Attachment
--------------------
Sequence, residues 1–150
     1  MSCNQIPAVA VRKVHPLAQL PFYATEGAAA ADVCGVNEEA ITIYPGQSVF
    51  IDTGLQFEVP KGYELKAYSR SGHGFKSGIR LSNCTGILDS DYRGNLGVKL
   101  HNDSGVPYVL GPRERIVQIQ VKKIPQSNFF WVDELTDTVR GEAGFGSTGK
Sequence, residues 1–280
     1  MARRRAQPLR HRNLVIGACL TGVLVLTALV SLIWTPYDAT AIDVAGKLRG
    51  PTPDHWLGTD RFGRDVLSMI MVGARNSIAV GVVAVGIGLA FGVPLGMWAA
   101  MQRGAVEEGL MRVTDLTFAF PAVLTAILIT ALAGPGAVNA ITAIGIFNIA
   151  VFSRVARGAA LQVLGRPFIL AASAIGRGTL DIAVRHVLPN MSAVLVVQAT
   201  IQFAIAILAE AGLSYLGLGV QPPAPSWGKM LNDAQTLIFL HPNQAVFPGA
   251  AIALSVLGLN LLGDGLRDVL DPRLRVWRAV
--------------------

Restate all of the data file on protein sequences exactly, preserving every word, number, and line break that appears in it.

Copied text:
Sequence, residues 1–150
     1  MSCNQIPAVA VRKVHPLAQL PFYATEGAAA ADVCGVNEEA ITIYPGQSVF
    51  IDTGLQFEVP KGYELKAYSR SGHGFKSGIR LSNCTGILDS DYRGNLGVKL
   101  HNDSGVPYVL GPRERIVQIQ VKKIPQSNFF WVDELTDTVR GEAGFGSTGK
Sequence, residues 1–280
     1  MARRRAQPLR HRNLVIGACL TGVLVLTALV SLIWTPYDAT AIDVAGKLRG
    51  PTPDHWLGTD RFGRDVLSMI MVGARNSIAV GVVAVGIGLA FGVPLGMWAA
   101  MQRGAVEEGL MRVTDLTFAF PAVLTAILIT ALAGPGAVNA ITAIGIFNIA
   151  VFSRVARGAA LQVLGRPFIL AASAIGRGTL DIAVRHVLPN MSAVLVVQAT
   201  IQFAIAILAE AGLSYLGLGV QPPAPSWGKM LNDAQTLIFL HPNQAVFPGA
   251  AIALSVLGLN LLGDGLRDVL DPRLRVWRAV